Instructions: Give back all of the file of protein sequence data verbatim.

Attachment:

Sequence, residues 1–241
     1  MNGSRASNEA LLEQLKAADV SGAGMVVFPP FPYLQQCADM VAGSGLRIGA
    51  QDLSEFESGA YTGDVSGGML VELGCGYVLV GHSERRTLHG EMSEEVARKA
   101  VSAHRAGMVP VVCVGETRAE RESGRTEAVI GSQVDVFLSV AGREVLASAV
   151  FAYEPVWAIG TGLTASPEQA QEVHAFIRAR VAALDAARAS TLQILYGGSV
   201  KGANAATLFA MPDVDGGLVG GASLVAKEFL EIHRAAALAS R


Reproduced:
Sequence, residues 1–241
     1  MNGSRASNEA LLEQLKAADV SGAGMVVFPP FPYLQQCADM VAGSGLRIGA
    51  QDLSEFESGA YTGDVSGGML VELGCGYVLV GHSERRTLHG EMSEEVARKA
   101  VSAHRAGMVP VVCVGETRAE RESGRTEAVI GSQVDVFLSV AGREVLASAV
   151  FAYEPVWAIG TGLTASPEQA QEVHAFIRAR VAALDAARAS TLQILYGGSV
   201  KGANAATLFA MPDVDGGLVG GASLVAKEFL EIHRAAALAS R